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Health Promot Perspect. 2016 Aug 10;6(3):137-44. doi: 10.15171/hpp.2016.22. eCollection 2016.

Using multi-theory model to predict initiation and sustenance of small portion size consumption among college students.

Author information

1
Behavioral & Environmental Health, School of Public Health, Jackson State University, MS, USA.
2
Public Health Studies, School of Health and Applied Human Sciences, University of North Carolina Wilmington, NC, USA.
3
Department of Health, Physical Education, and Exercise Science, School of Allied Health Sciences, Lincoln Memorial University, Harrogate, TN, USA; Department of Health, Exercise Science & Recreation Management, School of Applied Sciences, University of Mississippi, MS, USA.
4
Department of Management, School of Business Administration, University of Mississippi, MS, USA.
5
Department of Health, Exercise Science & Recreation Management, School of Applied Sciences, University of Mississippi, MS, USA.

Abstract

BACKGROUND:

Consumption of large portion sizes is contributing to overweight and obesity.College students are a vulnerable group in this regard. The purpose of this study was to use multi-theory model (MTM) to predict initiation and sustenance of small portion size consumption in college students.

METHODS:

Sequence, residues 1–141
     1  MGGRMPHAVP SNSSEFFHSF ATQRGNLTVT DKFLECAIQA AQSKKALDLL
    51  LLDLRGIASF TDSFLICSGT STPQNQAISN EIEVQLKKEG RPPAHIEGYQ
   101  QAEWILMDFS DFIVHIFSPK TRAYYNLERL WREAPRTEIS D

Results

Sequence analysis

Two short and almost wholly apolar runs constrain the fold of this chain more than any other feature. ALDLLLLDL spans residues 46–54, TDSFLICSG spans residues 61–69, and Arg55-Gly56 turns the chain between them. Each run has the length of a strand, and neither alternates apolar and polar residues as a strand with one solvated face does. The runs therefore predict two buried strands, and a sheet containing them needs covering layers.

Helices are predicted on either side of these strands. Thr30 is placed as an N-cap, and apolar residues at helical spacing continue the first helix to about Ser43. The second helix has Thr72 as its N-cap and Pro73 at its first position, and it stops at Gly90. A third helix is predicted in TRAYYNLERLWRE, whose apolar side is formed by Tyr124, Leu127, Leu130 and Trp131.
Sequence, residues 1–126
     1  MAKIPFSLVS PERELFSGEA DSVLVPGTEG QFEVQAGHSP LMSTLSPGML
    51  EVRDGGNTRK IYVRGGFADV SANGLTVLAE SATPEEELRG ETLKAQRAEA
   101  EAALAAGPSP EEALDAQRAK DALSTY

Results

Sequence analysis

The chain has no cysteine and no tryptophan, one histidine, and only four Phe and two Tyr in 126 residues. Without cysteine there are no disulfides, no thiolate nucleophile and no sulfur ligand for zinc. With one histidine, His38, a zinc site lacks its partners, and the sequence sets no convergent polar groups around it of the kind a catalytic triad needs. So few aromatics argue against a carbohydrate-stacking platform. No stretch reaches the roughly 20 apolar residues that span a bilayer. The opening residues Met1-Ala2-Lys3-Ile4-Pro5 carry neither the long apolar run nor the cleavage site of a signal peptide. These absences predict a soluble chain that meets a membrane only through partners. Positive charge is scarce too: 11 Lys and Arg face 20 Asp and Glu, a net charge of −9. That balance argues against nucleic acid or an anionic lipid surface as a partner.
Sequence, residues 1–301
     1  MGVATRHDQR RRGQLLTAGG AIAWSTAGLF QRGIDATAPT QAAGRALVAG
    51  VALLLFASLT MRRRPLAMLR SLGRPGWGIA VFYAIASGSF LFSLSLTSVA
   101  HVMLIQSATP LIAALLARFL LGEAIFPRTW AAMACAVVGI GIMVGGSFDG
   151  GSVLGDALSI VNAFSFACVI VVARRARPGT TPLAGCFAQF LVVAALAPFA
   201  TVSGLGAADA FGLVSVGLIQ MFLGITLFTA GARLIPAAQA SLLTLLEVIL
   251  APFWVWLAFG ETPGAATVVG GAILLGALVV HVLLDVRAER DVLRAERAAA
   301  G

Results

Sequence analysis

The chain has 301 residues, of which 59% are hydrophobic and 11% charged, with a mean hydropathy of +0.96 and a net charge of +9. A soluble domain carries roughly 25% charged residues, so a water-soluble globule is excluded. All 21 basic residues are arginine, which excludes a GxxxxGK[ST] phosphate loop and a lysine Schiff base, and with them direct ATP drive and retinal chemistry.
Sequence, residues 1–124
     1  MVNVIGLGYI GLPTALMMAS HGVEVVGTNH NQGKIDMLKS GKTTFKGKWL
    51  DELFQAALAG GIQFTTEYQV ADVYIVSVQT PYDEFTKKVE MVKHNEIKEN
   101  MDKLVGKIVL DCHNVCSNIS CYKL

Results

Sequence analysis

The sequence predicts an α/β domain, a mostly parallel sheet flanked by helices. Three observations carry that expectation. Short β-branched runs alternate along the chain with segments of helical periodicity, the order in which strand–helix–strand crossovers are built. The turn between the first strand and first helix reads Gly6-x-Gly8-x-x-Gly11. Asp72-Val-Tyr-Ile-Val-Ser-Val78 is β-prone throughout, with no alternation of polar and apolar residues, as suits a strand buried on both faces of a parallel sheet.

A total of 135 students at a large Southern US University completed a 35-item valid (face, content, and construct) and reliable (internally consistent) survey electronically in a cross-sectional design. The main outcome measures were intention to start eating small portion sizes and continuing to eat small portion sizes. Only those students who ate large portion sizes during the past 24 hours were included.

RESULTS:

Step wise multiple regression showed that initiation of small portion size consumption was explained by participatory dialogue (advantages outweighing disadvantages), behavioral confidence, age, and gender (adjusted R(2) = 0.37, P < 0.001). Males were less likely to initiate small portion size consumption than females (β = -0.185, 95% CI = -0.71- -0.11). Regarding sustenance, emotional transformation, changes in social environment, and race were the significant predictors (adjusted R(2) = 0.20, P < 0.001). Whites were less likely to sustain small portion size change than other races (β = -0.269, 95% CI = -0.97 - -0.26).

CONCLUSION:

Based on this study's findings, MTM appears to be a robust theoretical framework for predicting small portion size consumption behavior change. Interventions in this regard need to be designed.

KEYWORDS:

Diet; Nutrition; Obesity; Overweight; Portion size

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